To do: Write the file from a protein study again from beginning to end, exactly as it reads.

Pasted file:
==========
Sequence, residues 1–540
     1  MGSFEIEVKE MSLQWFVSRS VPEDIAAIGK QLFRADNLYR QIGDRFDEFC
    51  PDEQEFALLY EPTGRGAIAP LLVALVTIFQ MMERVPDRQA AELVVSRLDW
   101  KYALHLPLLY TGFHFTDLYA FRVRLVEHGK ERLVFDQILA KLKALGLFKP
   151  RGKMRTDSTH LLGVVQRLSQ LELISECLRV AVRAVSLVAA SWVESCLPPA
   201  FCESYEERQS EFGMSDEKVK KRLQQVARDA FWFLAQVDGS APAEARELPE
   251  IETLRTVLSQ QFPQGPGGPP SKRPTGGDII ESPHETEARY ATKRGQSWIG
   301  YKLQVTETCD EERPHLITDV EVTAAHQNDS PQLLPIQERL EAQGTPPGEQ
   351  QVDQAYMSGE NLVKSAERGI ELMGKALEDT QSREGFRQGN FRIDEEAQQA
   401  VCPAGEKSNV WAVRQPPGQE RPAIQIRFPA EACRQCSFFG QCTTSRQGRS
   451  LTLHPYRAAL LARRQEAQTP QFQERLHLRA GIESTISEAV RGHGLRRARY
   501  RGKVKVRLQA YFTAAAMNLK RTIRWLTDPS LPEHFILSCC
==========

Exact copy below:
Sequence, residues 1–540
     1  MGSFEIEVKE MSLQWFVSRS VPEDIAAIGK QLFRADNLYR QIGDRFDEFC
    51  PDEQEFALLY EPTGRGAIAP LLVALVTIFQ MMERVPDRQA AELVVSRLDW
   101  KYALHLPLLY TGFHFTDLYA FRVRLVEHGK ERLVFDQILA KLKALGLFKP
   151  RGKMRTDSTH LLGVVQRLSQ LELISECLRV AVRAVSLVAA SWVESCLPPA
   201  FCESYEERQS EFGMSDEKVK KRLQQVARDA FWFLAQVDGS APAEARELPE
   251  IETLRTVLSQ QFPQGPGGPP SKRPTGGDII ESPHETEARY ATKRGQSWIG
   301  YKLQVTETCD EERPHLITDV EVTAAHQNDS PQLLPIQERL EAQGTPPGEQ
   351  QVDQAYMSGE NLVKSAERGI ELMGKALEDT QSREGFRQGN FRIDEEAQQA
   401  VCPAGEKSNV WAVRQPPGQE RPAIQIRFPA EACRQCSFFG QCTTSRQGRS
   451  LTLHPYRAAL LARRQEAQTP QFQERLHLRA GIESTISEAV RGHGLRRARY
   501  RGKVKVRLQA YFTAAAMNLK RTIRWLTDPS LPEHFILSCC